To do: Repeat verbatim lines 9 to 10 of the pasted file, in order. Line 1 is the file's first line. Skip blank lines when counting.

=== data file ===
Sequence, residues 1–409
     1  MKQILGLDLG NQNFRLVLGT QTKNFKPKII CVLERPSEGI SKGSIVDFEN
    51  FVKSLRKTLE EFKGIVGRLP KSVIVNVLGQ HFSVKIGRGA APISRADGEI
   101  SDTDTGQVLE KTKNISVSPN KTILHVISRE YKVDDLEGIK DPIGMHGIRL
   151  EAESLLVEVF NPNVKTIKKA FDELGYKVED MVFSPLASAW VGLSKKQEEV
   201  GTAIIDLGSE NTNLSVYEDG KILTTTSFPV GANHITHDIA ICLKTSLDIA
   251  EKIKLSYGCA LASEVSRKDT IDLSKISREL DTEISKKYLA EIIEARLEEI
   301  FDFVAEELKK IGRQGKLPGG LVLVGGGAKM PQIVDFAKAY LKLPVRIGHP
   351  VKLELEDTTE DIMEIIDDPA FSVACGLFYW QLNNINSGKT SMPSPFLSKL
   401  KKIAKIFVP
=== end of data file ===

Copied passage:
   351  VKLELEDTTE DIMEIIDDPA FSVACGLFYW QLNNINSGKT SMPSPFLSKL
   401  KKIAKIFVP